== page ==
It took its name from the Convent of Recoletos Descalzos, built on a farm called “Los ombúes”, which the founding neighbor and first mayor, Rodrigo Ortiz de Zarate, received in the land distribution made by Juan de Garay in 1583.
And the date of its anniversary comes from the Convent and Church of Nuestra Señora del Pilar, which the Recoletos began to build in 1706 and inaugurated on October 12, 1732.
The Recoleta Cemetery was born together with the temple. During the time of Rivadavia, it was expropriated and transformed into the North Cemetery. Then, during the mayorship of Torcuato de Alvear, the cemetery was remodeled and the entrance that we see today was built.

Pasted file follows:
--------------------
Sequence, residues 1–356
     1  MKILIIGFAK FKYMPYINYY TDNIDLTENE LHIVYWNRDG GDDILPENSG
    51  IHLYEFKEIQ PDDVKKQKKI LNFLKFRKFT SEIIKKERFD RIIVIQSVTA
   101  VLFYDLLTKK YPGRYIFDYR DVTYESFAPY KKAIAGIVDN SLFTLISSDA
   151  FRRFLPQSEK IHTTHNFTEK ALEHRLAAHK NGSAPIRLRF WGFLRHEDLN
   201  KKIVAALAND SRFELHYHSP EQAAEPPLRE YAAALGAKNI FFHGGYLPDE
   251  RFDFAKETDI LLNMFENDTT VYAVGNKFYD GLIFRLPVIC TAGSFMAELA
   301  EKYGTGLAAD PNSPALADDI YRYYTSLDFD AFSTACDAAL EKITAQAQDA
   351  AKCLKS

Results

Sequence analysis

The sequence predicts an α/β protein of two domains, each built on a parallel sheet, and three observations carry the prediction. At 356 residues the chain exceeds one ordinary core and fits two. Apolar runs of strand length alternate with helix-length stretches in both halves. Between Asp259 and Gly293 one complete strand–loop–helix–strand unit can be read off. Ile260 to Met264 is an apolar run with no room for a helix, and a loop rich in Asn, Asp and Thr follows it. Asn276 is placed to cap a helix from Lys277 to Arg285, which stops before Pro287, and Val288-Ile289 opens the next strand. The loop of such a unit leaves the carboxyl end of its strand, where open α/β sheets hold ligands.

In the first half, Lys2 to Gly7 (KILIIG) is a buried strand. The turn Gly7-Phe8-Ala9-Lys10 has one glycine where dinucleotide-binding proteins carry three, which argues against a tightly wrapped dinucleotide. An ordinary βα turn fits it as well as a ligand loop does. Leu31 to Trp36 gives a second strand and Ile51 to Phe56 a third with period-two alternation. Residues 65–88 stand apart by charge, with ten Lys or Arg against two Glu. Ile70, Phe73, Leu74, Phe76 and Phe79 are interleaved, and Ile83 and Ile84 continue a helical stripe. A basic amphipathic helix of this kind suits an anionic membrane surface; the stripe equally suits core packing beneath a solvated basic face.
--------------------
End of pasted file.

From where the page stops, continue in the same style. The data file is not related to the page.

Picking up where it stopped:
Previously, it was a depopulated and lonely place and as the construction increased, the slaughterhouse and the cemetery were established, its appearance changed and it was transformed. Then, with the creation of Paseo de la Recoleta, it became a residential and luxurious neighborhood.
The evolution of this neighborhood was rapid and abrupt, due to the fact that the villas in the area completely disappeared until it became one of the most luxurious areas of the City.
Due to the yellow fever epidemic in 1871, wealthy families who lived in the southern area emigrated to the north where they built French-style mansions. This, added to the great French immigration received since 1840, produced a change in the architectural landscape of the neighborhood and made it known as the “Petit Paris of Buenos Aires.”
In its surroundings there are large cultural spaces, historical monuments, the National Museum of Fine Arts, the National Library, the UBA Law School and the Recoleta Cultural Center, among others.